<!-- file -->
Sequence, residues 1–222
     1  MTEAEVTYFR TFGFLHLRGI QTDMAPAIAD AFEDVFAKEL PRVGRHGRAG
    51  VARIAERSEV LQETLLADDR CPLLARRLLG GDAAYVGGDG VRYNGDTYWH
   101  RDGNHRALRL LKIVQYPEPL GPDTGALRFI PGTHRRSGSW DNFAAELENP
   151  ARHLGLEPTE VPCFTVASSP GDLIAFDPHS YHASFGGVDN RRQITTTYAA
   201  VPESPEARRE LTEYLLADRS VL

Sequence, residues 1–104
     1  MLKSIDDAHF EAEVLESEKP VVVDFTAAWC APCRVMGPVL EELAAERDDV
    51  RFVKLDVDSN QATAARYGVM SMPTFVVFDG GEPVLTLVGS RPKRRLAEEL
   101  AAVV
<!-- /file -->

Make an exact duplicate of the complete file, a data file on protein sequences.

Sequence, residues 1–222
     1  MTEAEVTYFR TFGFLHLRGI QTDMAPAIAD AFEDVFAKEL PRVGRHGRAG
    51  VARIAERSEV LQETLLADDR CPLLARRLLG GDAAYVGGDG VRYNGDTYWH
   101  RDGNHRALRL LKIVQYPEPL GPDTGALRFI PGTHRRSGSW DNFAAELENP
   151  ARHLGLEPTE VPCFTVASSP GDLIAFDPHS YHASFGGVDN RRQITTTYAA
   201  VPESPEARRE LTEYLLADRS VL

Sequence, residues 1–104
     1  MLKSIDDAHF EAEVLESEKP VVVDFTAAWC APCRVMGPVL EELAAERDDV
    51  RFVKLDVDSN QATAARYGVM SMPTFVVFDG GEPVLTLVGS RPKRRLAEEL
   101  AAVV